Carl highlights internal networks as a way to improve communication between local government staff and members: “If you’re going to have a staff network within a local authority such as a BAME network, an LGBT network or a disability network, then invite members to attend as well. It shouldn’t be a ‘them and us situation.’”

Carl advocates for having lead members within local government that visibly support and champion LGBTQ+ rights both internally and across the community. These members should ideally be part of the LGBTQ+ community or a strong ally. The Lord Mayor of Manchester role caught Carl’s eye in 2016 due to the lack of visible diversity across those who had held it previously – despite being a role dedicated to representing the community. Carl says others were initially sceptical: “At first people were like, ‘why would you want to go for it,’ ‘you’ve not been on the council that long,’ ‘you’re very young,’ but I managed to persuade them and the council voted me in.” Carl exceeded expectations by taking on almost four times the amount of the normal engagements to ensure that every part of Manchester was included. Carl adds, “I made sure that equality, diversity and inclusion was at the heart of everything I did that year.”

At this point, Carl went from strength to strength as both his professional and personal life aligned. In 2018, Bolton University granted him an honorary doctorate for services to LGBTQ+ communities across Greater Manchester. In the same year, Carl was identified as the best candidate for the role of LGBTQ+ Adviser to Greater Manchester Mayor Andy Burnham, and given the task of spearheading the first Greater Manchester LGBT Action Plan (pdf link).

LGBTQ+ Adviser to the Greater Manchester Mayor

When asked about the initiatives he has championed so far and how they have resulted in tangible change for the LGBTQ+ community, Carl shares that a core part of his strategy was looking at Greater Manchester as a whole to make sure there are services in all ten boroughs that are easily available to everyone. He says: “There are roughly 215,000 people who identify as LGBTQ+ across those areas, so that’s more than the population of one of the boroughs.” Carl has worked hard to build a database of networks, organisations and groups across Greater Manchester – an ongoing “work-in-progress as things constantly change.”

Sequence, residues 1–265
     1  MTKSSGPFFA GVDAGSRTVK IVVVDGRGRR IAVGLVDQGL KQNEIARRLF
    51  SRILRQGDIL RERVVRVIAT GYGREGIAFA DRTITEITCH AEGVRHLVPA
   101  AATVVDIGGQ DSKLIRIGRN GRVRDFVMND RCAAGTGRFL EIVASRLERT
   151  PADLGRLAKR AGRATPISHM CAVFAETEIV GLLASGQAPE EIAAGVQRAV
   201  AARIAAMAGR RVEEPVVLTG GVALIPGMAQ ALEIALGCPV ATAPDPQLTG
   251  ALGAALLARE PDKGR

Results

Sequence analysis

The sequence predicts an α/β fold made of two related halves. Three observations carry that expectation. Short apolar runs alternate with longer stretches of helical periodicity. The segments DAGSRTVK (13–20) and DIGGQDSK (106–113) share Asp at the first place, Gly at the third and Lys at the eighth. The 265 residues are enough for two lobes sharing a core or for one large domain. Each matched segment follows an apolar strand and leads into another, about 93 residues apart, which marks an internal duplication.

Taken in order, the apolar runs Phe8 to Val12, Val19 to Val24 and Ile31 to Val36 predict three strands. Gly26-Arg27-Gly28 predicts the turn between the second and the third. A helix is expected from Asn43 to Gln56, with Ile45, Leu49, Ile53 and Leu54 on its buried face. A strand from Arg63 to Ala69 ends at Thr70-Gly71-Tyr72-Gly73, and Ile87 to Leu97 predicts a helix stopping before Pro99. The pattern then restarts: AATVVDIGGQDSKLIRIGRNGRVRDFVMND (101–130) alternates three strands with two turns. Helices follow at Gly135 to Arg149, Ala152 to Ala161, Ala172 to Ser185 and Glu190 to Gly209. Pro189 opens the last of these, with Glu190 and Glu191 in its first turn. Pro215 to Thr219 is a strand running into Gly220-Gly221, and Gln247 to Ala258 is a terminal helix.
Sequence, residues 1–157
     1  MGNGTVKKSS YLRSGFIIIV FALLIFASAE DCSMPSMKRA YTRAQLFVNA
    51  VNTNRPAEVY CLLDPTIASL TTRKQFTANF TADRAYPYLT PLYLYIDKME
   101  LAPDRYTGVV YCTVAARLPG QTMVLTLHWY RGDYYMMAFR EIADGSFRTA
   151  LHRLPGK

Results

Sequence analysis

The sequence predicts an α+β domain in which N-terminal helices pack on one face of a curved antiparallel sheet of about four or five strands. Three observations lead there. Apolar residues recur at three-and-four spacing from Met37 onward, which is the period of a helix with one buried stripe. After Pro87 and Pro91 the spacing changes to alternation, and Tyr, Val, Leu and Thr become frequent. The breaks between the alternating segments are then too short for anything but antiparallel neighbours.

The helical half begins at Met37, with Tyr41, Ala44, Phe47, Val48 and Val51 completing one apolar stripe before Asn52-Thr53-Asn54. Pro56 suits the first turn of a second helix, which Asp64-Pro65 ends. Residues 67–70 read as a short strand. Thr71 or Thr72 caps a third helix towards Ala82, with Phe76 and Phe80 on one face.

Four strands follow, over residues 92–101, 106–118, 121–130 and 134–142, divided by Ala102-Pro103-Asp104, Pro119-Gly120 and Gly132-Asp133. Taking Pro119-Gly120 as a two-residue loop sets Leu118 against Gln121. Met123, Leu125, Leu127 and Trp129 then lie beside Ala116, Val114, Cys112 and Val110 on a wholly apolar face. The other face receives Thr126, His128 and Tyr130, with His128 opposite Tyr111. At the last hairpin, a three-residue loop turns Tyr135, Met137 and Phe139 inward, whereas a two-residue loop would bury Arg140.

To improve representation, Carl led the establishment of Greater Manchester’s first LGBTQ+ Advisory Panel in 2018, which includes LGBTQ+ people from across the diverse spectrum of the boroughs. As a result, all ten Manchester boroughs hosted their own Pride events for the first time the following year, substantially boosting visibility.

Carl is also the co-chair of the Pro-Manchester Equality, Diversity and Inclusivity network, where he endeavours to bring together public, private and third sector efforts and resources to create one seamless, collaborative approach led by best practice. He also works with the Proud Trust, the LGBT Foundation and educational charities, helping to advocate for inclusive policies such as school uniform and changing room policies that support trans students.

Carl describes his efforts as a work-in-progress and stresses the value of reaching out and involving allies: “People must recognise and feel that this isn’t just something to get on board with because you feel like you have to, it’s something that should be within your DNA anyway.”

Advice on how to organise Pride events

When it comes to launching and organising Pride events, Carl thinks the key is community engagement, especially for smaller, newer events: “Work with the friends’ groups, local charities, schools, churches in the area and community leaders – who are quite the force and have their ears on the ground. Let them take the lead. Facilitate but don’t dictate how it should work.” Carl argues it’s crucial to ask the community what they want, need and desire the event’s outcome to be: “It certainly has to be a collaboration between all the organisations and all the people within your community to feel that it is their Pride.”